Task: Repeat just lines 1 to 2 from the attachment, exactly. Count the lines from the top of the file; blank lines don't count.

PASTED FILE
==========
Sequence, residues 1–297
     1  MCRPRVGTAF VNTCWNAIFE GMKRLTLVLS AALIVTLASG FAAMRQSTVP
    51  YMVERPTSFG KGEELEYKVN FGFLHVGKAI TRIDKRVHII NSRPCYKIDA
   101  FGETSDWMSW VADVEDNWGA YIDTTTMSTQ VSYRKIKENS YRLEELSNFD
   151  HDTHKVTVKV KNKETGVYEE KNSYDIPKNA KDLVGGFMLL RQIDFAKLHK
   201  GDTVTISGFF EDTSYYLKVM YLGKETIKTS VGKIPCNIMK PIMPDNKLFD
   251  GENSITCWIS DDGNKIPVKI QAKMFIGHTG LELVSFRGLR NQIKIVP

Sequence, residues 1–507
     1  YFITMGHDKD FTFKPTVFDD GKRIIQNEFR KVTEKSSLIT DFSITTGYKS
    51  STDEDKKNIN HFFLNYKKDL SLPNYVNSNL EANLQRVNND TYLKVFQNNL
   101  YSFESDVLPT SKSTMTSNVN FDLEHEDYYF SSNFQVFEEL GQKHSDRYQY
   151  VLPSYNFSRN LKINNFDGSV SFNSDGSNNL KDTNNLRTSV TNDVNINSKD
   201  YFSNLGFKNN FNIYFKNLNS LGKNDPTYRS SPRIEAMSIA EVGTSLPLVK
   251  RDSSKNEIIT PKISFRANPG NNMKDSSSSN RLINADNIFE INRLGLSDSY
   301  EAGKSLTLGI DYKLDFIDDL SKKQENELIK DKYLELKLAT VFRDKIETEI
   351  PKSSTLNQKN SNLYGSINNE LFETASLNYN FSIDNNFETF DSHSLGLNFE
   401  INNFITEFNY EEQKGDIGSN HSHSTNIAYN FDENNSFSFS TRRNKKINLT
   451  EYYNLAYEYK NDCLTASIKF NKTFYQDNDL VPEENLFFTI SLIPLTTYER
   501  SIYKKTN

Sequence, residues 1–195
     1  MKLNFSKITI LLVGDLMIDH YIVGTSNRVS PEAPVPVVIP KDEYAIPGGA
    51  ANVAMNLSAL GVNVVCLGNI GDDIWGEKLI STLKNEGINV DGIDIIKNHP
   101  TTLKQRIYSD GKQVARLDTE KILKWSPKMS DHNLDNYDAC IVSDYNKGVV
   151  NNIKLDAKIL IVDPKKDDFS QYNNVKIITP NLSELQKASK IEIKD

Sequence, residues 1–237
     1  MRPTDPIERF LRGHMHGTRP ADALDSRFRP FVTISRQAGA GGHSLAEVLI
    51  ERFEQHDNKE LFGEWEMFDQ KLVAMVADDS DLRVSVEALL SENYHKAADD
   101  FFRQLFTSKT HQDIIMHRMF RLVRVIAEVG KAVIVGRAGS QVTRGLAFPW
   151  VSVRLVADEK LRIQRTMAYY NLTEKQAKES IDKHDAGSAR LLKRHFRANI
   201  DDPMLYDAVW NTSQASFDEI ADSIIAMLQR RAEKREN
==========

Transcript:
Sequence, residues 1–297
     1  MCRPRVGTAF VNTCWNAIFE GMKRLTLVLS AALIVTLASG FAAMRQSTVP